How Mobilegeddon has affected the UX of big brands

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What is Mobilegeddon? It refers to Google’s latest search algorithm update, which promised to penalise websites with a poor user experience. We wrote about this last month.

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One month on from Mobilegeddon, what have we learned?

Although the impact has not yet been significant, there have been some key players affected by the release already.

After monitoring the search landscape over the course of late April into May, we have observed that a number of big brands have taken a few knocks as a result of not having fully optimised websites for mobile devices.

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Those affected

The AA have only optimised their homepage and a handful of other pages on their website. The ‘insure my car’ tab on the mobile-optimised homepage takes users to the car insurance page, which unfortunately isn’t optimised for mobile devices.

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This inconsistency is likely to result in a poor user experience for mobile users, and could have a knock on effect on conversions. Having identified a UX issue on this page, we can see that Mobilegeddon has impacted upon its search visibility, along with other pages which aren’t mobile optimised on the AA site.

Before the Mobilegeddon update on the 21st April, this particular page of the AA’s website appeared on the first page of Google search engine results pages (SERPs) for “cheap car insurance”. We can now see that the AA has been demoted to the second page. A similar impact with drops in visibility has also been seen for other search variations such as “car insurance quotes”. Although we do not have access to specific analytics data, the evidence suggests that the AA are going to find it increasingly difficult to gain traffic to this page if they are not visible for “car insurance” related queries.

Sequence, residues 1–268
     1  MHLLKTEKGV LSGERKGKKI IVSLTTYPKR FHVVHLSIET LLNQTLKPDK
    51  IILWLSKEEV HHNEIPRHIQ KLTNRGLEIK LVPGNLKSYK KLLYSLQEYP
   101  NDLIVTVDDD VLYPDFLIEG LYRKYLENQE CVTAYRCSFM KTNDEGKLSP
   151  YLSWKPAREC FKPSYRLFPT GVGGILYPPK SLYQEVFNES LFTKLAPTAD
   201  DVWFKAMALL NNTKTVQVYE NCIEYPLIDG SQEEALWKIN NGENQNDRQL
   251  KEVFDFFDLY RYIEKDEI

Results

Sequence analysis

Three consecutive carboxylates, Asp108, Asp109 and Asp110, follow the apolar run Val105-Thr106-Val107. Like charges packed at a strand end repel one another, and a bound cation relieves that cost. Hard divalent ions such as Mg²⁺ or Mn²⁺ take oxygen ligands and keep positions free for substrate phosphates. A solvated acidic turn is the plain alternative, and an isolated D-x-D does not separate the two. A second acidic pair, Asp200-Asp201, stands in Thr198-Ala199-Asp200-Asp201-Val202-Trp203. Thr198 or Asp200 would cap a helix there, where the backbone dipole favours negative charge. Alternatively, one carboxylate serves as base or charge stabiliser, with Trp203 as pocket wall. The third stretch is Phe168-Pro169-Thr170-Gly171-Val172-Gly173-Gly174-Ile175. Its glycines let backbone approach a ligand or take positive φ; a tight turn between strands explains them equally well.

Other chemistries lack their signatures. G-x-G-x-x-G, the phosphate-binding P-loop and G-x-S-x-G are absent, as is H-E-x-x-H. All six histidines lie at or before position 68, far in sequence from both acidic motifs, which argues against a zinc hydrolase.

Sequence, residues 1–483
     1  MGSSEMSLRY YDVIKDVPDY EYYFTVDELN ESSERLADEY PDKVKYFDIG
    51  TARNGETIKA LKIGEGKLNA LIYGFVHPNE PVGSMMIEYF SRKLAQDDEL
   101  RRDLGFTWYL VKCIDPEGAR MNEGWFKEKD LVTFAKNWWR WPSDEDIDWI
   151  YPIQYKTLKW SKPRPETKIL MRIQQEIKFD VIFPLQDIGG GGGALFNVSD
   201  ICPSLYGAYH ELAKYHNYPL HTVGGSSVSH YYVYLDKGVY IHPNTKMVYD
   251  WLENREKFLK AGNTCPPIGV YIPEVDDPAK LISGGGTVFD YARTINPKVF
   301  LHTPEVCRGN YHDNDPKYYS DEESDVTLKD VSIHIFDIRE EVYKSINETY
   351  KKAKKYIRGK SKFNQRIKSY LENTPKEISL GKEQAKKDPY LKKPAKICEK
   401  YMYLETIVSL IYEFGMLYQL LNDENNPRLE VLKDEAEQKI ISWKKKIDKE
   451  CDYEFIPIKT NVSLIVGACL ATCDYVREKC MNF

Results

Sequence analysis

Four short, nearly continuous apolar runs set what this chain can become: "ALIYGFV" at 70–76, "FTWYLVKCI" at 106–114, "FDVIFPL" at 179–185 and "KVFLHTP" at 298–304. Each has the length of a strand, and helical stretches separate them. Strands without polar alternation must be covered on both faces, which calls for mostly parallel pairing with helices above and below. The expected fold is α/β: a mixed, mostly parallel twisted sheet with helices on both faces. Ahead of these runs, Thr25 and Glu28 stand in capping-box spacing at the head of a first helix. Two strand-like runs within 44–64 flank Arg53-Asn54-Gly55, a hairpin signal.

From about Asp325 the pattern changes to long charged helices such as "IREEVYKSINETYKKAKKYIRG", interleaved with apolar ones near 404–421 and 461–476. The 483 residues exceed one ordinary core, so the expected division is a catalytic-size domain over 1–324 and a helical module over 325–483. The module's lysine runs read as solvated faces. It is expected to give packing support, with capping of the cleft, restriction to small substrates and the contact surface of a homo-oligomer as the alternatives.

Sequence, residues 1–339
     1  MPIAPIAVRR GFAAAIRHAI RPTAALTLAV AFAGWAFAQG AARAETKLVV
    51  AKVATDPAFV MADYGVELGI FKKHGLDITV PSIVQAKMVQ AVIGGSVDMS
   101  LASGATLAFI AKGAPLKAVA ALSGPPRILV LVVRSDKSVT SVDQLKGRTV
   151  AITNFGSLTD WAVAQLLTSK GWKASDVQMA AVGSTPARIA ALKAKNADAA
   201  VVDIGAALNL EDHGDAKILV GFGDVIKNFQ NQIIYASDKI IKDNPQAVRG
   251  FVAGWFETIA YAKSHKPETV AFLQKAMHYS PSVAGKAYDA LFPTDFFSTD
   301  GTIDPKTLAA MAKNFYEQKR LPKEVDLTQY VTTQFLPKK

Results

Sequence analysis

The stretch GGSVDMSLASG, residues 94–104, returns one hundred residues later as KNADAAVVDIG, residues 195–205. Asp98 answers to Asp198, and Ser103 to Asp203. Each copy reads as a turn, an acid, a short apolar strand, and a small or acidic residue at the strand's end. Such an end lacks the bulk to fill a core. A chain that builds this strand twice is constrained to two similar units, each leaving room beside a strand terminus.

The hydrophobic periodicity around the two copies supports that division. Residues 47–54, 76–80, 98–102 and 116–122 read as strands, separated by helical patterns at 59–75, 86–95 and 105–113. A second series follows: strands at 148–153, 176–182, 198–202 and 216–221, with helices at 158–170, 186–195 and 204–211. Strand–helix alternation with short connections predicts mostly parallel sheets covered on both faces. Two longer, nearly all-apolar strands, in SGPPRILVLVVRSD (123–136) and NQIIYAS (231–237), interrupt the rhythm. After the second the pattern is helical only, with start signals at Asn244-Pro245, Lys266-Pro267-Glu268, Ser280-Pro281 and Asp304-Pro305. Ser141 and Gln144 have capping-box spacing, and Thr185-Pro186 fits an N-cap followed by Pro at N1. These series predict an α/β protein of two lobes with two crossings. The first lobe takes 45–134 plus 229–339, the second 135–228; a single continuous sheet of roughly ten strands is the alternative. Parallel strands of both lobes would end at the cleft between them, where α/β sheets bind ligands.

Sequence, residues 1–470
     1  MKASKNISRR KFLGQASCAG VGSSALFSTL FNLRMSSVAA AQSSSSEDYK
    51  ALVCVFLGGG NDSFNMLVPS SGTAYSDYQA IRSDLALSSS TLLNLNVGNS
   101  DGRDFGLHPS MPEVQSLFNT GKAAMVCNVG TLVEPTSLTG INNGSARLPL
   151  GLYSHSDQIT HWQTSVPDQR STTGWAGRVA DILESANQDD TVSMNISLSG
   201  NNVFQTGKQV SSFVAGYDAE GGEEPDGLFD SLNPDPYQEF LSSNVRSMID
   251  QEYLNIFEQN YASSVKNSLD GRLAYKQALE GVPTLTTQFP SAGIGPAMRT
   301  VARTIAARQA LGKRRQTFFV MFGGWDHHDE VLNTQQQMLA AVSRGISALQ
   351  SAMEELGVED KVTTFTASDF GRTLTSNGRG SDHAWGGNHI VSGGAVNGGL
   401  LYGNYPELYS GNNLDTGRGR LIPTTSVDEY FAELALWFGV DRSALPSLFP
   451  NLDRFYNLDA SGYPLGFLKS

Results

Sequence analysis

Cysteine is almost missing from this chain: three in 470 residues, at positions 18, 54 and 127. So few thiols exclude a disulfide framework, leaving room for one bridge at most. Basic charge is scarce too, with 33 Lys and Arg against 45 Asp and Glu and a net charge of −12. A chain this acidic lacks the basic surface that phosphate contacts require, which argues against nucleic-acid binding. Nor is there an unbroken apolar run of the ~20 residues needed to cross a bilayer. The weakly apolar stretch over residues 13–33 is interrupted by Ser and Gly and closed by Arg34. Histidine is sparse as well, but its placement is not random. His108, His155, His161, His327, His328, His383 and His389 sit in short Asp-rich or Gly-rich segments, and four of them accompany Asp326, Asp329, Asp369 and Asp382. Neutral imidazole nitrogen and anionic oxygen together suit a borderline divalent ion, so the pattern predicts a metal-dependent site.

With that in mind, It is no surprise to see Google favouring More Than, another well known insurance brand, currently positioned at the top of search for the “cheap car insurance” term. This can be attributed to their fully responsive website which takes users to the relevant landing page shown below.

more-than

A number of other brands, such as Barclays, are experiencing the same issue with falls in search visibility. This is likely due to the fact that only parts of their website are optimised for mobile.

Where websites fail to deliver a great user experience

As highlighted above, the AA are not delivering mobile-optimised sitewide experience. This can be seen to affect their search rankings, which is likely having a knock on effect on traffic and site conversions too.

Our study of mobile searches over the past month reveals another UX gaffe courtesy of the fashion outlet Next.

Next have a mobile site m.next.co.uk alongside their desktop site www.next.co.uk. Surprisingly, Next are not currently allowing Google to index their mobile website, stifling its availability to users, who have little choice but to visit the desktop site.

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Without Next allowing the Google search bots to crawl their mobile website, there is no optimised user experience provided to existing or potential customers.

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To have any success in landing on Next’s mobile site, users can type “next mobile” into the results page to be presented with the option of visiting the desktop or mobile site. The problem with this is that Next are relying on users to search “next mobile” – which is very unlikely to happen.

What can we learn from Mobilegeddon?

While the full impact of Mobilegeddon has yet to be ascertained, these early indicators show that big brands are also bearing the brunt of Google’s changes. As the examples from AA and Next demonstrate, simple search or UX mistakes, can result in being demoted in the SERPs by Google.

Search visibility affects UX and vice versa, as outlined within my previous post. If both factors are not working together harmoniously, businesses no longer have anywhere to hide and will generally struggle to achieve their potential online.

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Owain Powell

Author: Owain Powell

Owain works in Digital Marketing for Decibel Digital, a Digital Agency based in Shoreditch, London.